Delivering continuous lane-accurate positioning for autonomous driving

Author : Alex Ngi | Product Manager, Product Strategy for Dead Reckoning | u-blox

01 October 2019

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Today’s state-of-the-art, single-band GNSS receivers fulfil accuracy requirements for V2X, ADAS & autonomous driving in ideal open-sky conditions. But to reliably serve these use cases everywhere, all the time, they need to overcome their limitations in urban & other challenging environments.

This article was originally featured as the cover story in the October 2019 issue of EPDT magazine [read the digital issue]. Sign up to receive your own copy each month.

Here, Alex Ngi, Product Manager, Product Strategy for Dead Reckoning at positioning & wireless technology specialists, u-blox demonstrates how this can be achieved with a multi-band, RTK, dead reckoning system using GNSS correction services and a dynamic vehicle model.

Satellite-based positioning plays a unique enabling role for V2X applications and advanced driver-assistance systems (ADAS), including autonomous vehicles. It is the only technology capable of determining a car’s absolute position in real time. It works independently of maps, cameras and landmarks. And because its fundamental operating principle is completely unrelated to other sensing technologies (such as LIDAR, cameras or ultrasound) used in self-driving vehicles, satellite-based positioning offers a core foundation and backbone for the multi-sensor network that no other technology can provide.

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Today, global navigation satellite system (GNSS) receiver technology is overcoming its own inherent limitations, one after another. Accuracies are coming down to just a few tens of centimetres, with convergence times (the time it takes a receiver to reach a predetermined accuracy level after signal interruption and subsequent reacquisition) in seconds. Latencies (the time between the position measurement and when the device reports this position to the network) are approximately 10 milliseconds. Position updates can be delivered at well above 10 Hz. In addition, with further technological enhancements, positioning can extend deep into urban canyons, under multi-level road structures, and other challenging scenarios.

In short, GNSS is finally technologically ripe for the era of V2X and ADAS applications.

Not all the evolution took place in the GNSS receiver, though. Moore’s Law shrunk the hardware required to the size of a miniature chip suitable for mass market, portable, low-power devices. Ubiquitous wireless internet connectivity enabled GNSS correction services that minimise the ionospheric effect on GNSS accuracy, the dominant source of GNSS errors. Finally, national and international investments in the space sector gave us new constellations of satellite systems designed for innovative applications. These provide the key advantage of additional satellites available (visible) to the receiver.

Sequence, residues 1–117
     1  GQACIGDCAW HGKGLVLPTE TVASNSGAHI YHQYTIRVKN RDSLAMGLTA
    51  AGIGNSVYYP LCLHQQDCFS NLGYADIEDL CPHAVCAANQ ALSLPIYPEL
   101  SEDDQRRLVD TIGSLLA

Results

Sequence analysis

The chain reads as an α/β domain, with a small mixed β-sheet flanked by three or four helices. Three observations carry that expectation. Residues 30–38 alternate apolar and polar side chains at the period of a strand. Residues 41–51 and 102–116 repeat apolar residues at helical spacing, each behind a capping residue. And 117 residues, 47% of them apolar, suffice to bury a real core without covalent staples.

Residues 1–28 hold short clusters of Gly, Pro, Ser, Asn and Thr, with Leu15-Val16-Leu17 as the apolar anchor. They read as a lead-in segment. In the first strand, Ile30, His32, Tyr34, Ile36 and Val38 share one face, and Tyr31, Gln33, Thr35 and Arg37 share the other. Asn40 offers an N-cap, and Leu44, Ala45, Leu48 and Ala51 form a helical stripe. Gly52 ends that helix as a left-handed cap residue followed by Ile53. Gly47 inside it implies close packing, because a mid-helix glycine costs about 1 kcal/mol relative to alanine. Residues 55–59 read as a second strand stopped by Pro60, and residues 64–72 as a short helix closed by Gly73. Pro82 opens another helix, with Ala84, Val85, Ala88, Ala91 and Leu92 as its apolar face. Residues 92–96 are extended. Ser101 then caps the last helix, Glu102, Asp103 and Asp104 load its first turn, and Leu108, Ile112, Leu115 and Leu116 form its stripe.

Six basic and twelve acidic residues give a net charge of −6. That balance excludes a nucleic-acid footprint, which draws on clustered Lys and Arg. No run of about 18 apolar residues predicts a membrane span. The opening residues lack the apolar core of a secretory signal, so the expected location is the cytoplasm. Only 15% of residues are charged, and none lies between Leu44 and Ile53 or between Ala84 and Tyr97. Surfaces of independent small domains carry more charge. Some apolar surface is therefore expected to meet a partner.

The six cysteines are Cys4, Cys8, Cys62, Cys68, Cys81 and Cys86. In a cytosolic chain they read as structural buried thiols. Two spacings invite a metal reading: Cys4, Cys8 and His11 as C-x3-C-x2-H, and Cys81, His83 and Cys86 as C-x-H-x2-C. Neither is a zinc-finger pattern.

Figure 1. Effect of latency in v2x use case

These advances will put vehicles on our roads equipped with the latest generation of multi-band, multi-constellation GNSS receivers capable of delivering sub-metre accuracies, even down to a few tens of centimetres, depending on the requirements of the application.

But it isn’t just about improved positioning accuracies. Low latency is another critical requirement in emerging applications, such as vehicle-to-everything (V2X) communication. In V2X, vehicles ‘talk’ to each other and with roadside infrastructure using wireless messages, passing on warnings and information about manoeuvers and negotiating priority at intersections, when merging and overtaking.

At best, long latencies might be a nuisance, leading to unnecessary braking and acceleration, reduced efficiency of truck platoons, and a drop in passenger comfort. But at worst, they can be deadly, particularly on motorways, where cars travel the length of a car in just a tenth of a second. The ETSI (European Telecommunications Standards Institute) standard on V2X communication requires latencies below 100 milliseconds at the system level for most use cases.

Figure 2. Single sensor fusion filter for high precision position solution

Advanced sensor fusion filter with low convergence time

For ADAS, V2X and ultimately for autonomous driving to be viable, GNSS receivers must robustly deliver lane-accurate positioning, even in challenging environments. When satellite signals are temporarily obstructed, they need to recover the high precision position solution in seconds, which can be achieved by combining a number of complementary elements that are implemented in a single sensor fusion filter presented in Figure. 2. 

Multi-constellation, multi-band GNSS receivers: The increase in the number of global GNSS constellations from one (GPS) to four (GPS, GLONASS, BeiDou, Galileo) means that receivers ‘see’ more satellites from any given location. This more than makes up for the increase in number of satellites receivers need to unambiguously determine their position: four for a single constellation, roughly seven when three constellations are used (in order to compute the time differences between the constellations, which have inherently different time references from each other).